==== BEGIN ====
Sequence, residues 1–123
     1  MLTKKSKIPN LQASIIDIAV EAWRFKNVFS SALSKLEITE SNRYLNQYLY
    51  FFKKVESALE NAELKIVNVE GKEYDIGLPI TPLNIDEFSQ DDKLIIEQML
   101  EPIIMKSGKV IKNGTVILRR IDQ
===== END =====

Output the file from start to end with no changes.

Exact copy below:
Sequence, residues 1–123
     1  MLTKKSKIPN LQASIIDIAV EAWRFKNVFS SALSKLEITE SNRYLNQYLY
    51  FFKKVESALE NAELKIVNVE GKEYDIGLPI TPLNIDEFSQ DDKLIIEQML
   101  EPIIMKSGKV IKNGTVILRR IDQ